The Blog

Sept 11: What Are You Afraid Of?

All of the non-stop terror talk contributes to a deterioration in our national character. Fear makes people more mistrustful, more prejudiced, and less compassionate to their neighbors, local or otherwise.
This post was published on the now-closed HuffPost Contributor platform. Contributors control their own work and posted freely to our site. If you need to flag this entry as abusive, send us an email.

I assume that in my lifetime, I'll see more than a few terrorist attacks like the one that occurred on 9/11. Some will be large, others small. I'm afraid of them, but more in the way that I'm afraid of falling off a cliff when I go hiking up a steep mountain: could happen to me, but it probably won't. What scares me is the way that all of the non-stop terror talk contributes to a deterioration in our national character. Fear makes people more mistrustful, more prejudiced, and less compassionate to their neighbors, local or otherwise. It makes them less likely to participate in politics or join social groups. Labeling others as terrorists trivializes whatever real gripes they have against us in the broad brush of history. It dehumanizes them and paves the way for military campaigns that contribute to an increase in the likelihood of future attacks. It decreases the probability of finding a lasting, non-violent solution to complex international problems.

At the domestic level, talk of terrorists justifies spending more on guns and less on books and infrastructure. Most cities in the U.S. are facing 15 percent budget cuts that will close more libraries and further decrease child education and health care. By 2010, our funding for elementary and secondary education, already in crisis, will be cut by 4.6 billion dollars. This means that 670,000 fewer women and children will receive assistance through the Women, Infants, and Children Supplemental Nutrition Program. It also means that 370,000 fewer low income families, the elderly, and the disabled will receive rental assistance. Think it won't affect you? Think again.There are millions of people on the fringes of society being driven into greater despair and desperation because we continue to shred the safety net that every other industrialized nation guarantees as a birthright -- other countries that, long ago, recognized that investment in infrastructure and safety nets are the most effective and the least expensive way to prevent crime and social deterioration.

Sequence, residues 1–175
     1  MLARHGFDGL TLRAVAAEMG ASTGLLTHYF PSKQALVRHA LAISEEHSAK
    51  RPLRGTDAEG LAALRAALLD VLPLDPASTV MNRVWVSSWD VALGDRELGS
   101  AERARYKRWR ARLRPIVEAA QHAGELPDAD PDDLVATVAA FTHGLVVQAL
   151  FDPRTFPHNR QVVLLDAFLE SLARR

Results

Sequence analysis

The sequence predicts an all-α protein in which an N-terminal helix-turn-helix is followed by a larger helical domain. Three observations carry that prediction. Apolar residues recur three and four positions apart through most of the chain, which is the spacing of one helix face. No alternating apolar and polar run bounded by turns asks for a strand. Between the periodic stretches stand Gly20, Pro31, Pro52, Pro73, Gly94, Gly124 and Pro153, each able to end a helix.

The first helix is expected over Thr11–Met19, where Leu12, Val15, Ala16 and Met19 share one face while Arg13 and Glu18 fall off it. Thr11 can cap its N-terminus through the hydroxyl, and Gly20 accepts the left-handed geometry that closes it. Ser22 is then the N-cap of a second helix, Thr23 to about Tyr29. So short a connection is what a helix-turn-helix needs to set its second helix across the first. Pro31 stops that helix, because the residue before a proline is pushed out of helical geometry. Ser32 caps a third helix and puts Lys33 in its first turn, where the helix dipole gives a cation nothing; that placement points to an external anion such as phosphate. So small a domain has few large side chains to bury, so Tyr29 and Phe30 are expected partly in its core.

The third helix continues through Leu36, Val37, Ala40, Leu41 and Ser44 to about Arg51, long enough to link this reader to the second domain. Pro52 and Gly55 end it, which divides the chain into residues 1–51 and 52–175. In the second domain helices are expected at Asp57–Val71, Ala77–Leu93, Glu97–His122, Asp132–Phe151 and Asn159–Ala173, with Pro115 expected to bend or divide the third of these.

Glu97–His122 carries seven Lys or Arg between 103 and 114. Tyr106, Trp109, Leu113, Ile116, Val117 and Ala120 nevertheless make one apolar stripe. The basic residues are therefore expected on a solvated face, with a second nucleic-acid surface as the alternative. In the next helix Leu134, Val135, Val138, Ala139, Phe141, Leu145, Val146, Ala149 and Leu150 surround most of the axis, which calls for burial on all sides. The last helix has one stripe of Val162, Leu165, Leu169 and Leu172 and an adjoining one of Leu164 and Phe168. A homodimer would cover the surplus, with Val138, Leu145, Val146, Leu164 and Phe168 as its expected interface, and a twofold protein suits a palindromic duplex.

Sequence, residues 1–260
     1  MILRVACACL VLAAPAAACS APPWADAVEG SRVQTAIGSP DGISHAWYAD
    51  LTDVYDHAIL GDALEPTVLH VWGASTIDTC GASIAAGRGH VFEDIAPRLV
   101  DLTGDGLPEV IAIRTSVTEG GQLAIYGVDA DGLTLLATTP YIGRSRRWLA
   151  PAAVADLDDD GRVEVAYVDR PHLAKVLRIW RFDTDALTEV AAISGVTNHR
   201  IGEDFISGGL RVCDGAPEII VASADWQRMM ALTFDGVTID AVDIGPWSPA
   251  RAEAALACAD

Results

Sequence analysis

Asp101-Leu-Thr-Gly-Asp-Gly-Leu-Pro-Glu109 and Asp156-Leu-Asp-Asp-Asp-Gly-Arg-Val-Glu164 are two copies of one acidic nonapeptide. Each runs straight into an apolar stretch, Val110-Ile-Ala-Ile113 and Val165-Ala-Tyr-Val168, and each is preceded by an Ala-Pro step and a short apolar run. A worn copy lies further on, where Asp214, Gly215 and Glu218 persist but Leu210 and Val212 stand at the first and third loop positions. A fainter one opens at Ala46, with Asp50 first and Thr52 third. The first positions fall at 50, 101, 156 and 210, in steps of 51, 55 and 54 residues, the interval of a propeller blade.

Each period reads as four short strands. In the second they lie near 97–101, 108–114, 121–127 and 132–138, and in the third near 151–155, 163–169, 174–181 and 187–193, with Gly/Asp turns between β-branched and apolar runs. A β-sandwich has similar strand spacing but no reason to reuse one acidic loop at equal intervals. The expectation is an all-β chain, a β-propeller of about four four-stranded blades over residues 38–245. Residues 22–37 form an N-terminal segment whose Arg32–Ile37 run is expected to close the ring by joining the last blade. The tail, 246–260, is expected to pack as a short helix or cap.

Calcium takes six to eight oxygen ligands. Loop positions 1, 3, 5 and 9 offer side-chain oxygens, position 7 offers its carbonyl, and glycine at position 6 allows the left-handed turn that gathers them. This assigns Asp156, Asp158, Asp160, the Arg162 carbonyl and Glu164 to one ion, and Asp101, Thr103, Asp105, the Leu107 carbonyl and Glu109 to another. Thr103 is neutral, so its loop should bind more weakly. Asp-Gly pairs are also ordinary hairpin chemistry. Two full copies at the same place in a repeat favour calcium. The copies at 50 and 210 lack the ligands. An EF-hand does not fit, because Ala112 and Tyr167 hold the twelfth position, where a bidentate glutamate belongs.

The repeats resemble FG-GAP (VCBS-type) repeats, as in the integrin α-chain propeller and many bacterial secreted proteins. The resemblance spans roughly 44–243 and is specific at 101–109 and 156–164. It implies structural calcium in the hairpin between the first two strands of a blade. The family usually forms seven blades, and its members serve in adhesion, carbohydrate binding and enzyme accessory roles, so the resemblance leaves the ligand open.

So, I don't worry so much about being killed in the next terror attack that's supposed to come from "over there" -- the one that gives us the Code Orange at the airport when the threat is presumably elevated. I worry about the Code Red that comes from the kid over here who has no future, no education, and nothing to lose because we have given him no reason to believe that people care about what happens to him. THAT is what we should be afraid of.

A frequent guest on the Today Show and NPR, Dr Coleman has also appeared on ABC 20/20, Good Morning America, the BBC, and numerous news programs for FOX, ABC, and NBC television. His new book, WHEN PARENTS HURT: COMPASSIONATE STRATEGIES WHEN YOU AND YOUR GROWN CHILD DON'T GET ALONG (HarperCollins) was released in July, 2007. Dr. Coleman is an internationally known expert in parenting, couples, families, and relationships with a practice in SF and Oakland and a Senior Fellow with the Council on Contemporary Families. Sign up today for Dr. Joshua Coleman's FREE monthly ezine at www.drjoshuacoleman.com or whenparentshurt.com.